“This excellent book makes a significant contribution to religion and kinship, gender, sexuality, and South Asian studies…. Highly recommended.” — D. A. Chekki, Choice
“This is a beautifully written and theoretically engaged ethnography about a community whose past has been fraught and whose future lies in the balance. It would be appropriate reading for upper-level undergraduate and graduate courses and makes an important contribution to the anthropology of gender, sexuality, kinship, religion, and modernity in India.” — Cecilia Van Hollen, Medical Anthropology Quarterly
"We must dwell with, as Given to the Goddess gracefully does, the everyday experiences of devotion, exchange, and one’s social relationship to another—human, nonhuman, or even goddess—that make us, quite simply, kin." — Durba Mitra, GLQ
"Ramberg’s work exemplifies an extraordinary synthesis of animated empiricism and theoretical rigor. It is heartening to mark the arrival of this very important work that signals a critical departure in several ways." — Priyadarshini Vijaisri, Anthropos
"Lucinda Ramberg has written a book that charts new conceptual terrain in the anthropology of South Asia. Given to the Goddess indicts both liberal reformism and secular progressivism for their investment in an all too-easy politics of gender that occludes the power (and experience) of stigmatized sexuality. Instead, Ramberg shows how practices coded as anachronistic, or coerced, constitute the conditions of possibility for capacious, non-individuated accounts of sexed agency. This is an exquisite ethnography of the queer embodiments and ritual imaginaries by which women come to be 'given to the goddess.'" — Anupama Rao, author of The Caste Question: Dalits and the Politics of Modern India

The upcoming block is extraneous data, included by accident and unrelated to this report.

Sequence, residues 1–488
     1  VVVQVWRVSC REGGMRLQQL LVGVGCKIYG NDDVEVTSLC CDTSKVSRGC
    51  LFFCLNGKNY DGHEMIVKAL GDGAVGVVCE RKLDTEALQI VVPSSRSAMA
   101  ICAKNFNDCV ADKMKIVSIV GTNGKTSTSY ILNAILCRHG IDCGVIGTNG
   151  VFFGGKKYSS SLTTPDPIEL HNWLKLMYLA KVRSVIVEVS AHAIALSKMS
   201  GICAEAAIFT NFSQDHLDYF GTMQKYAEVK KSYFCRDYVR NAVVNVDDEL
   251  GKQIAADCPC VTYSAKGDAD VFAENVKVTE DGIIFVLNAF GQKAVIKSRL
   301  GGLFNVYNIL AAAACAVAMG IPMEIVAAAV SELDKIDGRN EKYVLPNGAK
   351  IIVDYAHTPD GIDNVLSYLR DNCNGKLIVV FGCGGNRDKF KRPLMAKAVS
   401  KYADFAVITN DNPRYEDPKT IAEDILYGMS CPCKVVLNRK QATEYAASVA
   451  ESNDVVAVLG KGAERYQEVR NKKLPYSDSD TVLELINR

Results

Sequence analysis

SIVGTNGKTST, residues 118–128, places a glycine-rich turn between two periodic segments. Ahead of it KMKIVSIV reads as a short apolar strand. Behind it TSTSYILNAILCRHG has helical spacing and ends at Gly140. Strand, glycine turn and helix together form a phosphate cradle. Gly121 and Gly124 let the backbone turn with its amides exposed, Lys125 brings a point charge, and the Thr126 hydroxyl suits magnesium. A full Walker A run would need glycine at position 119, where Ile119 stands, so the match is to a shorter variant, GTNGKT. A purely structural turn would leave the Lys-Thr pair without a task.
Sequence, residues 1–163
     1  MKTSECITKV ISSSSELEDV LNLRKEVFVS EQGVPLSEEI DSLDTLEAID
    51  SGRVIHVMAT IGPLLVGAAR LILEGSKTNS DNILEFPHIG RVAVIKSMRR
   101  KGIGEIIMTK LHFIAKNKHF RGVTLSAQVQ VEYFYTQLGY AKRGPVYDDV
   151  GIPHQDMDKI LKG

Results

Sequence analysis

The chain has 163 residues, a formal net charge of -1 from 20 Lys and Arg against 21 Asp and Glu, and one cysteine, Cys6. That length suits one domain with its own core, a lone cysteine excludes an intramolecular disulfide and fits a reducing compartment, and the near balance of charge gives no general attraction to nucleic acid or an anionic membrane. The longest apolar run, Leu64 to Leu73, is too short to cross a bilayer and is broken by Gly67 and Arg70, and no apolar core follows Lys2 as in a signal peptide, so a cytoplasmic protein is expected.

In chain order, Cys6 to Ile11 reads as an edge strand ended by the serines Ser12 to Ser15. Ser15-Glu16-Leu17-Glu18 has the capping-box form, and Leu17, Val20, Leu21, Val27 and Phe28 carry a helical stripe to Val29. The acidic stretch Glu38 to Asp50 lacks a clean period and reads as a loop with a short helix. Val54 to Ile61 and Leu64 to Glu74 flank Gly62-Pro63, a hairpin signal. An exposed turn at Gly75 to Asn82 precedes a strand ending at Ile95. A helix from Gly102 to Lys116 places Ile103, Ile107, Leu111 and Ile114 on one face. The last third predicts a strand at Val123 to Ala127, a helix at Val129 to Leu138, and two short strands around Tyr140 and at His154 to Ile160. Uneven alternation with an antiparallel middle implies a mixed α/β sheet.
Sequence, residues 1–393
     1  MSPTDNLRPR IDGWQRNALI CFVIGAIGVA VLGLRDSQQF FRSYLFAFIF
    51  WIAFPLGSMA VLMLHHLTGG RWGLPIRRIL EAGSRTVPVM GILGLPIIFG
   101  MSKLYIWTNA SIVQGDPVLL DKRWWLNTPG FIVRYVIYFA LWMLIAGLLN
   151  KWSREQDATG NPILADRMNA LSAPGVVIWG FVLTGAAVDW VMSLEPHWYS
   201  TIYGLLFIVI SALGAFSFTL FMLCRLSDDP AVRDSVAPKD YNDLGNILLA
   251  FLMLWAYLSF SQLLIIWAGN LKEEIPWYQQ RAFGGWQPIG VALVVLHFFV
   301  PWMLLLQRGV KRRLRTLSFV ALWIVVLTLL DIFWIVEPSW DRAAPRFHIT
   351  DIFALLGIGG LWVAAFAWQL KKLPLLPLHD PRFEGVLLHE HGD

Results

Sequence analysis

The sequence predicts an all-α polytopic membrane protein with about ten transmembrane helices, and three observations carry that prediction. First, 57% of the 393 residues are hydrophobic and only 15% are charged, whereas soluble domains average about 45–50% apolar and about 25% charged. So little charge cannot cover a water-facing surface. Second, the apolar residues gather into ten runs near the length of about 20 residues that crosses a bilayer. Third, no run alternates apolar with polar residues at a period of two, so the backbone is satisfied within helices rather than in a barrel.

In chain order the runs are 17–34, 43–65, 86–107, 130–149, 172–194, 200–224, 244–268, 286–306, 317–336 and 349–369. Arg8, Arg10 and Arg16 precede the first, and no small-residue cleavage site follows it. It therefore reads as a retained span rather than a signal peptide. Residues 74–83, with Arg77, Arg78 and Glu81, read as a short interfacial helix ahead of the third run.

"Lucinda Ramberg's powerful combination of ethnographic observation and theoretical reflection connects the study of a particular social group in South India (devadasis or jogatis) with general issues in anthropology and feminist and queer studies. Given to the Goddess will prove relevant to those, such as myself, who know very little about India but who are concerned with related issues in different contexts." — Éric Fassin, Université Paris-8
"The ethnographic data that Lucinda Ramberg obtained while living with the devadasis is unique. The conversations she relates bring much-needed nuance to representations of these women. Ramberg insists that anthropologists need to take the religious lives of the devadasis seriously. For scholars of South Asia, her most interesting contribution is likely her masterful rethinking of theoretical models of kinship in India."
— Joyce Flueckiger, author of When the World Becomes Female: Guises of a South Indian Goddess
"A compassionate and rigorous account of the much reviled and celebrated figure of the devadasi, Lucinda Ramberg's book analyzes the central role women's sexuality continues to play in religious and secular political orders. Rather than diagnose this as a moral problem, the author forces us to rethink how the biopolitical state has transformed both religion and sexuality in modern India."
— Saba Mahmood, author of Politics of Piety: The Islamic Revival and the Feminist Subject